Sample Selector

Sample Selector is a tool for creating and editing samples, or groups of data you compare across—they're not "samples" in the statistical sense, but more like filters.

By default, a single sample exists: "All Data". With the Sample Selector, you can create new samples to organize your data.

You can use samples to:

A sample is composed of one or more filters, specific conditions that narrow down your sample.

Creating a sample

The general process for creating a sample is to:

The effect of multiple filters

DataShop interprets each filter after the first as an additional restriction on the data that is included in the sample. This is also known as a logical "AND". You can see the results of multiple filters in the sample preview as soon as all filters are "saved".

Help

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R (software)

R is a language and free software environment for statistical computing and graphics. If you're familiar with R, you can easily open a DataShop student-step export or transaction export stored on your computer. The command to do so is shown below:

R> ds = read.delim("export.txt", header = TRUE, quote="\"", dec=".", fill = TRUE, comment.char="")

The above command reads the tab-delimited file and stores it in a "data frame" object called ds (you could use any variable name here). The function read.delim() is shorthand for read.table() with some default values for the various arguments to read.table(). This command works because the student-step and transaction export files have a form that R expects for data frames:

  • the first line of the file has a name for each variable in the data frame
  • each additional line of the file has as its first item a row label and the values for each variable.

You can graphically view the data frame with the command edit(ds).

Note: Each of the above commands loads data into R and implicitly tells R that all columns that appear as strings should be considered factors (for factor analysis). Although convenient, this can be problematic for some types of analysis. To avoid this issue, append the parameter stringsAsFactors="false" to one of the above commands. Then identify individual columns as factors using the R syntax dat$col = factor(dat$col), where dat is the data frame and col is the column name.

At this point, you can work with the data in R to perform any analysis you'd like.

Using R to replicate the AFM model

Using R notation, the AFM model (applied to a modified student-step export file called "ds") can be approximately* represented as:

R> L = length(ds$Anon.Student.Id)
R> success = vector(mode="numeric", length=L)
R> success[ds$First.Attempt=="correct"]=1
R> model1.lmer <- lmer(success~knowledge_component+
   knowledge_component:opportunity+(1|anon_student_id),data=ds,family=binomial())

Note: The success variable must be 0 or 1. The first three R commands simply convert the "First Attempt" values (in the student-step export) of "incorrect" and "hint" to 0, and "correct" to "1".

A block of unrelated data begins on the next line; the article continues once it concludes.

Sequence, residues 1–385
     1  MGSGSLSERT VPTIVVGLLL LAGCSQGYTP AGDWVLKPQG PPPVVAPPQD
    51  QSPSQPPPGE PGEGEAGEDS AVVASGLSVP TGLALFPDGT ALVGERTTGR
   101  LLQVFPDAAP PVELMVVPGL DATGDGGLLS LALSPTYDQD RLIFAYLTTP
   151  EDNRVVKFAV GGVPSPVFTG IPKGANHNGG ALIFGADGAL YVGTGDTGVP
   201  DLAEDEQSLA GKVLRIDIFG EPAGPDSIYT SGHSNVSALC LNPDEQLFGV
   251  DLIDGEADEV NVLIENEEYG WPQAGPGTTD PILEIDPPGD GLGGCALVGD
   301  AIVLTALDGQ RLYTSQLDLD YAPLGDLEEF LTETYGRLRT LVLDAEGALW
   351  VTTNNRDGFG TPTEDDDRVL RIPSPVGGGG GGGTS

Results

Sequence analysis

* The AFM code is different from the R expression above in two ways:

  1. To reduce over-fitting the data, AFM assumes learning cannot be negative and thus constraints the "slope" estimates of the knowledge_component:opportunity parameters to be greater or equal to 0.
  2. The optimization applies a penalty to estimates of the student parameters (anon_student_id) for deviating from 0—essentially treating anon_student_id as a random effect.

The above R code, with additional analyses, is available for download here.

For more about the AFM model, see the Model Values help page.

Using DataShop Web Services to access DataShop data in R

The following R commands show how you can access DataShop data via web services from R. Windows paths are shown in the example. A few prerequisites are needed for this script to run successfully:

  • Get access to web services, including your access keys, at the Web Services Credentials page.
  • Download and extract the DataShop sample web services client to C:\ws
  • Enter your access key ID in the file C:\ws\webservices.properties in the line that starts api.token=, and enter your secret access key in the line that starts secret=. Save the file.
  • Edit the script below by specifying a datasetid for a dataset you have access to. This is the number that appears in the URL of DataShop when browsing a dataset (e.g., https://pslcdatashop.web.cmu.edu/DatasetInfo?datasetId=123). Also set the datasetlength to a number higher than the number of student-step rows.

This code will retrieve transaction data for only the columns specified in colsneeded. It retrieves the transaction data in batches of 5000. For a full reference of possible columns and data formats, see our Web Services API.

setwd('C:/ws/')
df<-data.frame()

colsneeded <- "row,anon_student_id,session_id,time,duration,problem_name,attempt_at_step,outcome,condition"
datasetid <- 123
datasetlength <- 40000
datasetlength <- datasetlength/5000

for (i in 0:(datasetlength-1)) {
  callval <- paste("java -jar C:/ws/dist/datashop-webservices.jar \"https://pslcdatashop.web.cmu.edu/services/datasets/",
    datasetid,"/transactions?offset=",
    i*5000,"&limit=5000&cols=",colsneeded,"\"",sep="")

  tablines <- read.delim(pipe(callval),  header = TRUE, sep = "\t")

  df <- rbind(df,tablines)
  print(paste("Group",i,"completed."))
}

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Version 8.2.11 May 22, 2015